What Was the First Video Game With High Scores?

However, even though players couldn’t erase that high score anytime they liked, that information was still stored in RAM, which required a constant flow of electricity. If a Space Invaders cabinet lost power for any reason, that high score was lost with it. Even worse, Space Invader players had no real way of letting others know that the high score on that machine truly belonged to them.

What Was the First Game That Let You Enter Your Initials Next to a High Score?

When we think of high scores, we often associate them with the record setter’s name, or, at the very least, their initials. What good is bragging that you performed better than everyone else in a game if you can’t actually prove it? Many arcade games, especially the most famous ones, let players insert their initials (or “ASS” if they’re feeling immature) next to their high scores when they do well enough. That’s why it’s so surprising that the seemingly simple practice of entering your initials next to a high score originated in a game you’ve probably never heard of.

In 1979, Exidy published a relatively obscure arcade game called Star Fire. Not to be confused with the DC character of the same-ish name, Star Fire shamelessly ripped off Star Wars in terms of its name, in-game font, enemy design, and…well, pretty much everything else. Star Fire was a simple first-person space shooter where players locked onto and fired at TIE Fighter-like ships as well as the occasional Battlestar Galactica Viper-like ship. The goal, of course, was to shoot down as many enemies as possible. The more ships you shot down, the higher your score.

Unlike Space Invaders, which recorded the top score and only the top score, Star Fire lets gamers insert their initials whenever they achieved a new high score. However, the game had an odd way of tracking that score data. Instead of keeping tabs on every single score, the cabinet organizes players based on how many coins they insert into the machine.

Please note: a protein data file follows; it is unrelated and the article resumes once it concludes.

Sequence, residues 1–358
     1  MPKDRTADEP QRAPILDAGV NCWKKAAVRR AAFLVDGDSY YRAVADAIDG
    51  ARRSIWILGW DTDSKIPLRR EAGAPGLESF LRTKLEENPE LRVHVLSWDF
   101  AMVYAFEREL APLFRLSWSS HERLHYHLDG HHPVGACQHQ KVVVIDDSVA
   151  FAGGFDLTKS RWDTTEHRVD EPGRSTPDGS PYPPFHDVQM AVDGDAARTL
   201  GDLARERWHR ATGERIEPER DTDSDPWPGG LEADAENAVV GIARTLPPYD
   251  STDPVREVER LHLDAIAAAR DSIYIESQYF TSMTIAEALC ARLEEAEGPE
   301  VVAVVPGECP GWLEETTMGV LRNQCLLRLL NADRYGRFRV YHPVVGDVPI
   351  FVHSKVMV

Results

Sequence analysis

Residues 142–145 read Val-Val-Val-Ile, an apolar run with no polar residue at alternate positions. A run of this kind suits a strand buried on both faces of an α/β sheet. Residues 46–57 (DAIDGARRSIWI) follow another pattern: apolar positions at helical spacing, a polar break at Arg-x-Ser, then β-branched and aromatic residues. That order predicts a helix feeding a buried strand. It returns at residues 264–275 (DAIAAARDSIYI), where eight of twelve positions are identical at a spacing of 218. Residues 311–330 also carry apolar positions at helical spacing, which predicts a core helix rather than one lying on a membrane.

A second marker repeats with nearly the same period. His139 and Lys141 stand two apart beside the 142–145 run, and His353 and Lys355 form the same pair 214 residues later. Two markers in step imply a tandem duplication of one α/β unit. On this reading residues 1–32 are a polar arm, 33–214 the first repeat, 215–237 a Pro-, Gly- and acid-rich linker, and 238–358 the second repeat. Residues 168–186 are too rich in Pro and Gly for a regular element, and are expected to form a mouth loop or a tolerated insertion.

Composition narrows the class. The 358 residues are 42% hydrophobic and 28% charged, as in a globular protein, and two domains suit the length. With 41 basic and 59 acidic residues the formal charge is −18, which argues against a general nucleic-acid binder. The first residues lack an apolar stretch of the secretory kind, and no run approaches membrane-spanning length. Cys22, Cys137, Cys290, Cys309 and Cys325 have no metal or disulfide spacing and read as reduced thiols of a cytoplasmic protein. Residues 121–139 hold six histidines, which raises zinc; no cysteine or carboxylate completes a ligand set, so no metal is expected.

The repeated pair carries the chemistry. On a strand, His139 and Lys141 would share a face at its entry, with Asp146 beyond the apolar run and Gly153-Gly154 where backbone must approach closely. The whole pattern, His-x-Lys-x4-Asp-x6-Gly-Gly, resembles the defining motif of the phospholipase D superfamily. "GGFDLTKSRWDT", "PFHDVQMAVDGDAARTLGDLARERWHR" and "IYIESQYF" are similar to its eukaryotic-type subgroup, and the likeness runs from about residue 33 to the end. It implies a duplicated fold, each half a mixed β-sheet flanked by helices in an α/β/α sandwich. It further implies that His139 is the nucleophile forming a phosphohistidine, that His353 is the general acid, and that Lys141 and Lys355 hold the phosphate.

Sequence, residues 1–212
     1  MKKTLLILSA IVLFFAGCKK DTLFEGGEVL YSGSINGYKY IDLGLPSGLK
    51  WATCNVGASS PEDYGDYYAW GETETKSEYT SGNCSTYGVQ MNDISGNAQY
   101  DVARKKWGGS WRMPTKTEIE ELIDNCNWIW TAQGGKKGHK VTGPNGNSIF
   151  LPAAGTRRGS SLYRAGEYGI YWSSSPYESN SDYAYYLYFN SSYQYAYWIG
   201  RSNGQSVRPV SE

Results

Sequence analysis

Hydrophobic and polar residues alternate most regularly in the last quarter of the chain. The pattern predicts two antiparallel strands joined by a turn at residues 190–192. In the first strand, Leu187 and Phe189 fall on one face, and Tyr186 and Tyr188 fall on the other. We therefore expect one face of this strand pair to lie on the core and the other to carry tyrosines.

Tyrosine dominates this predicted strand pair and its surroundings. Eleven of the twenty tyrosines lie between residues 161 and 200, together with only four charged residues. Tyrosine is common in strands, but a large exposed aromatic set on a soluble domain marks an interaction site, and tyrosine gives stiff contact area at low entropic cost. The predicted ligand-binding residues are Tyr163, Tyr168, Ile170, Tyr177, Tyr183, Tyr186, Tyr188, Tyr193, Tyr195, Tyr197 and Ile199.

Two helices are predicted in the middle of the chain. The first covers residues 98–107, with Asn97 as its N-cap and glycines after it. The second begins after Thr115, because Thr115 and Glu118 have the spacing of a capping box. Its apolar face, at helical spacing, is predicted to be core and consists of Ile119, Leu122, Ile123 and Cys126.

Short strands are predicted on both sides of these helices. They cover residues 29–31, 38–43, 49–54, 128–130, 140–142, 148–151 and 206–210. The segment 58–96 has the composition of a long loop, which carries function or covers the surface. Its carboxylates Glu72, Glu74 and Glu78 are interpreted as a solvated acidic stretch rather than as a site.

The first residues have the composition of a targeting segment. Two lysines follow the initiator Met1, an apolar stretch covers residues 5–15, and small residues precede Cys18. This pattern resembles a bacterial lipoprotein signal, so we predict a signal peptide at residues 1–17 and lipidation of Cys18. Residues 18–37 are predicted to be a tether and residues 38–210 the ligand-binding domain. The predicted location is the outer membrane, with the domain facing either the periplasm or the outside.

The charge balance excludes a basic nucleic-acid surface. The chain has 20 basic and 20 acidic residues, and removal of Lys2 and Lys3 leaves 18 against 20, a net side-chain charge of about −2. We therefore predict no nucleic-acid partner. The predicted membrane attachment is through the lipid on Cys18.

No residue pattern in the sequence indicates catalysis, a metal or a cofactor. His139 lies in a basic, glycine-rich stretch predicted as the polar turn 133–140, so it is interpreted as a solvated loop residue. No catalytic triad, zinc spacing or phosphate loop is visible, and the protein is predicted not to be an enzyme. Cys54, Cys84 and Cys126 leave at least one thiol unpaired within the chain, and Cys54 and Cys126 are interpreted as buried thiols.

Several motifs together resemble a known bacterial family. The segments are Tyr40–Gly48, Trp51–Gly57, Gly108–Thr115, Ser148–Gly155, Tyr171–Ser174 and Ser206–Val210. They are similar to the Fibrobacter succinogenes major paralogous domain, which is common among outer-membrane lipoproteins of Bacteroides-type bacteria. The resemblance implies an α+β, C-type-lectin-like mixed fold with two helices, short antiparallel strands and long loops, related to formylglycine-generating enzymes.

So, if someone deposits one coin, Star Fire files their score into the one-coin slot. If someone inserts two coins, the game places them in the two-coin slot, and so on. A player’s score and initials are only put on display if they can beat their slot’s record holder. If someone shoves five coins into the game and beats everyone in the one-coin through four-coin positions, but not the current five-coin record holder, their performance was lost to history. It was a truly bizarre system that would soon be improved by a game that offered a more elegant score-tracking system for a more civilized age…

What Was the First Game to Feature a High Score Tracking Table?

Star Fire introduced audiences to the concept of showing more than one “high” score at a time, although it certainly wasn’t perfect since it divided participants based on how much money they spent (insert your own “pay to win” joke here). Thankfully, gamers didn’t have to wait long to see an arcade cabinet that let players who couldn’t break the all-time record still show off their 99th percentile scores.


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